Ian McCall can pinpoint exactly where everything went downhill.
It was his first fight in the UFC, an opening round bout of a four-man tournament that would crown the promotion’s first champion at 125 pounds. Standing across the cage from him? Future pound-for-pound great Demetrious Johnson.
At the time, McCall and Johnson were on the same level, with Johnson dropping down from bantamweight and McCall widely being recognized as one of the best (if not the best) flyweights in the world before signing with the UFC.
After almost 15 minutes, it was McCall who was threatening to end the fight. He hammered away at a facedown Johnson with the final seconds ticking away, “Mighty Mouse” staying just active enough to avoid a referee stoppage. McCall’s efforts weren’t enough to earn a TKO and the bout was determined to be a majority draw after some confusion (due to a scoring error, the verdict was initially announced as a majority decision win for Johnson). The two had a rematch three months later, and Johnson would go on to take a unanimous decision en route to becoming one of the sport’s most dominant champions.
On Monday’s episode of The MMA Hour, McCall explained how he felt, that his life began to “spiral out of control” after the first fight with Johnson. Since that time, McCall has gone 3-3 and seen several bouts fall through due to maladies befalling him and his opponents at the 11th hour. He has not fought since Jan. 31, 2015.
McCall turned 33 in July and he doesn’t see himself returning to action on his current contract ($16,000 to show, $16,000 to win, according to him), but he doesn’t blame the UFC for his problems.
“I don’t want to say anything bad about the UFC,” McCall said. “The UFC has taken care of me since day one. They’ve never wronged me, they’ve never done anything bad. This is my own fault. This is my own doing. Picking this sport as a profession … overdosing on drugs when I was down and out. There’s a lot wrong with my brain, it’s not just the punching. And on top of that 15 years of fighting professionally isn’t good for you.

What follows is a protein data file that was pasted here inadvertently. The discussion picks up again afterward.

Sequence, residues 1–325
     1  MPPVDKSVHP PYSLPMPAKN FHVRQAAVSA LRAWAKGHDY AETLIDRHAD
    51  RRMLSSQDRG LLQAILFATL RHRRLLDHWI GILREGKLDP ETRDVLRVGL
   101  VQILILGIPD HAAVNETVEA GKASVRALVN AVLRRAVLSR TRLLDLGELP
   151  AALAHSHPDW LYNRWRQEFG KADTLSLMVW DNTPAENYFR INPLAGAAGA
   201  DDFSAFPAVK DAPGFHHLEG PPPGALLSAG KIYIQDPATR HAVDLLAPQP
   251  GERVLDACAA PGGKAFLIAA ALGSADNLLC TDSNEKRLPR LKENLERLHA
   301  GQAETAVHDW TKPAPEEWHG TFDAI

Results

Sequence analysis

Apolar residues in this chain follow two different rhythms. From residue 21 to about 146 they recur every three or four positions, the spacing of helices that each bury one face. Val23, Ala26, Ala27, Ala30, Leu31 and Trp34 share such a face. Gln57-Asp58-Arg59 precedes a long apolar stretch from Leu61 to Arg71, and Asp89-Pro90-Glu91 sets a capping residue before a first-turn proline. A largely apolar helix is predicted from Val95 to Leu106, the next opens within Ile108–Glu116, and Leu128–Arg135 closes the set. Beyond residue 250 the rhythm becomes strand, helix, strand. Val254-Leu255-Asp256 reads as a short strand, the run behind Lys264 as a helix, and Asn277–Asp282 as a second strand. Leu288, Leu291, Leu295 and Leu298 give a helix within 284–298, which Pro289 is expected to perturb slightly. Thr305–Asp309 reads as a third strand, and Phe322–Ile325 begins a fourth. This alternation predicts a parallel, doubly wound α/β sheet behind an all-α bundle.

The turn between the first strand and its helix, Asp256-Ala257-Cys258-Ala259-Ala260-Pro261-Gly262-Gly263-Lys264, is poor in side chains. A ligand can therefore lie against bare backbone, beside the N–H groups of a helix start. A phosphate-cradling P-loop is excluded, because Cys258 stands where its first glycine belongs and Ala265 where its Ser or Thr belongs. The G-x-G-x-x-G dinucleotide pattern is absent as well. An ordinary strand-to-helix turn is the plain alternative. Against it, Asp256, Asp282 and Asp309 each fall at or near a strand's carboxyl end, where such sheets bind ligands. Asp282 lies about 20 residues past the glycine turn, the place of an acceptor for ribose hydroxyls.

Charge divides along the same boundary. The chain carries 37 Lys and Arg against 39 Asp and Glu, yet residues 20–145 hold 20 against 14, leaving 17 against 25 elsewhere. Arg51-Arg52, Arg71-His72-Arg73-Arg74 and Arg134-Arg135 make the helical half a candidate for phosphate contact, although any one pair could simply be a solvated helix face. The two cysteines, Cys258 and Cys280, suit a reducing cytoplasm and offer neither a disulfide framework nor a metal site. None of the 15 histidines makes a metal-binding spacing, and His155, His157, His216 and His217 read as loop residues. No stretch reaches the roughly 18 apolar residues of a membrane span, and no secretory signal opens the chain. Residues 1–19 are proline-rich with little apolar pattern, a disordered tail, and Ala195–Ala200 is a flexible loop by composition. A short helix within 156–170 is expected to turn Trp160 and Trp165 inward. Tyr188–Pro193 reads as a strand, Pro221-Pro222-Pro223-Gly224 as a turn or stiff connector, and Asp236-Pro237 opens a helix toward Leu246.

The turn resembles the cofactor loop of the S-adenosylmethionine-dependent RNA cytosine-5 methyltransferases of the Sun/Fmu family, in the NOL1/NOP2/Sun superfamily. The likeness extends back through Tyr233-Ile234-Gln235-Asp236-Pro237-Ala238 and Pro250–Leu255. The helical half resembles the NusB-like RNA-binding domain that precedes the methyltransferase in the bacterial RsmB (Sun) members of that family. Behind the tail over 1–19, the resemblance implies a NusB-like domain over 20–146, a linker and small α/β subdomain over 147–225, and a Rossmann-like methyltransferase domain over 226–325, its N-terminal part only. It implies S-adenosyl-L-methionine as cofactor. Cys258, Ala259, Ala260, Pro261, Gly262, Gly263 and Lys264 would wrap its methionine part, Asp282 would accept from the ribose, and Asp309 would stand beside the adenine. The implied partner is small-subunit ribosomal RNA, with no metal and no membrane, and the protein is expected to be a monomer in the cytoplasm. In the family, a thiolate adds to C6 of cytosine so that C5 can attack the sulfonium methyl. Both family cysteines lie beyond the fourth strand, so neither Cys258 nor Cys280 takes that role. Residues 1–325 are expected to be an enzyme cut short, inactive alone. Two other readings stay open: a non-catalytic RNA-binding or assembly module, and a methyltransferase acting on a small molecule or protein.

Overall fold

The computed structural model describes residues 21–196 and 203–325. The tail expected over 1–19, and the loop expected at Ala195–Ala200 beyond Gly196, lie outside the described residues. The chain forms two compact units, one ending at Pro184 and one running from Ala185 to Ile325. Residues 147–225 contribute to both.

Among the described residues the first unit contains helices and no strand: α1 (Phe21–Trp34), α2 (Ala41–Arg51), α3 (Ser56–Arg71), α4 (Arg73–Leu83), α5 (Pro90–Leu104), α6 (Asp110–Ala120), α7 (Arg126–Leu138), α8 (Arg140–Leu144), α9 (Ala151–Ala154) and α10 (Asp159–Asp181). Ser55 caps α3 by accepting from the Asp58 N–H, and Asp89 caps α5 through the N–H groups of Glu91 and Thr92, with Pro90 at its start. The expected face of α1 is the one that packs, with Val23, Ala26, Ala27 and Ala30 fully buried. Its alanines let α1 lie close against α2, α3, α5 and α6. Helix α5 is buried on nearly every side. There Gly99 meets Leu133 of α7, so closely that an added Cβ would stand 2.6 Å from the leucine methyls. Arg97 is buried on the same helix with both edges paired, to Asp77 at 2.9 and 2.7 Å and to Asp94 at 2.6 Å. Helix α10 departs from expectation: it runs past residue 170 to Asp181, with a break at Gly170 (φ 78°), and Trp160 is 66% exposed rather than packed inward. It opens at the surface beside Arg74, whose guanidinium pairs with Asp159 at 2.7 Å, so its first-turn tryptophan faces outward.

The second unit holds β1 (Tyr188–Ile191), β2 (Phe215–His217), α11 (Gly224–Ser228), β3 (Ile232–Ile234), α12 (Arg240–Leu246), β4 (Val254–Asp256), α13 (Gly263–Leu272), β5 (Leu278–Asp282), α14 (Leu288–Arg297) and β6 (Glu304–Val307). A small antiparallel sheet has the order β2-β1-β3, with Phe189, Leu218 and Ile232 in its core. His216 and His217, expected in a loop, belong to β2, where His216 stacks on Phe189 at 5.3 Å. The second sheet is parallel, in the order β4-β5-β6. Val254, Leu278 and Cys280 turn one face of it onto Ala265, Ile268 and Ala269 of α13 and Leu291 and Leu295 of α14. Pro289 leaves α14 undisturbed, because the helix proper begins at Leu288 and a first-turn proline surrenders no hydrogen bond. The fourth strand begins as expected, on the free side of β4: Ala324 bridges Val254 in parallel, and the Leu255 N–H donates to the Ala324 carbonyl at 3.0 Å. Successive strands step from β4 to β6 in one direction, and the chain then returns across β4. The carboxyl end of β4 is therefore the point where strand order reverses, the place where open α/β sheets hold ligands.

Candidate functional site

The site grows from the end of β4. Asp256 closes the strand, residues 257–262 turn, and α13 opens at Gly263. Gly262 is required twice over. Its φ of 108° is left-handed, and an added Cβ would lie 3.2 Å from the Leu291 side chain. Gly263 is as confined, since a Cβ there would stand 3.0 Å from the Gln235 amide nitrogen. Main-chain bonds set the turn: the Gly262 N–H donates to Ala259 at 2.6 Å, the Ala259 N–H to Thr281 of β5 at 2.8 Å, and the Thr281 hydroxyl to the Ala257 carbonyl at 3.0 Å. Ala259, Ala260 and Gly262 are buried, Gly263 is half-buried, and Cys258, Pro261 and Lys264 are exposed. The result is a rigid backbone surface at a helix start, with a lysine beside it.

“I don’t know if I’ll fight again. I have to figure out these issues. We still have no idea what’s wrong with my stomach. Doctors haven’t been able to figure out anything really, so I’m on my own. I’m sitting here trying this brain stimulation treatment for six weeks and hopefully it works.”
McCall was supposed to fight Jarred Brooks in February, only to withdraw with gastrointestinal issues the day of the fight. That’s the least of his worries, though. He’s more disturbed by irregularities in his brain activity, including being forgetful, experiencing bouts of rage, bi-polar symptoms, and “out-of-nowhere crying.”
He’s open about his experiences because he wants other people who are in similar situations to know that they’re not alone. McCall himself is currently doing everything he can to get his mind right.
“I’m doing brain treatment down in San Diego that’s helping,” McCall said. “Jeff Novitzky set me up with transcranial magnetic stimulation, it really does help my brain so that’s a plus. I saw a lot of bad signs, still seeing a lot of bad signs just with CTE-type stuff, TBI stuff, so it scared me. I went down there and I’m trying to fix it. Fix the depression and all the stuff that comes with that, we’ll see. I’ve got another month left.”
McCall confessed that for the first time in his life, he’s scared of what shape he’ll be in 10-20 years from now given that he’s been fighting professionally since 2002. He compared his situation to that of deceased professional wrestler Chris Benoit. The WWE star murdered his wife and son, and committed suicide back in 2007, and it was later theorized that his psychotic behavior was tied to the head trauma he endured in the ring as well as the use of performance enhancing drugs.
That chilling thought has McCall wishing he had never started fighting in the first place, despite his passion for martial arts.
“My whole career is a regret … I don’t hold any ill will toward the sport, it’s a weird place that people at the end of their career kind of go over. And no one talks about it, people fight it. I’m not gonna fight it,” McCall said. “People make Chris Benoit out to be - I always thought he was a f*cking monster for what he did. And then being with (my wife) Alicia and being around wrestlers and the stories you hear about Chris and how good of a person he was and how amazing of a father he was, all of this stuff, and it’s the TBI or drugs - I’m not saying he was on drugs - or steroids or whatever.
“That stuff drives people crazy and for me to think that through hurting my brain I could hurt someone else, like the people I love? Sorry. Not gonna happen. I’m not going to ever, ever let that happen. So I’m at least going to hop on it now and try and fix it before it gets worse and if I can fight again then cool. If I don’t fight again then sure, my whole career is a regret, but whatever, I had a lot of fun.”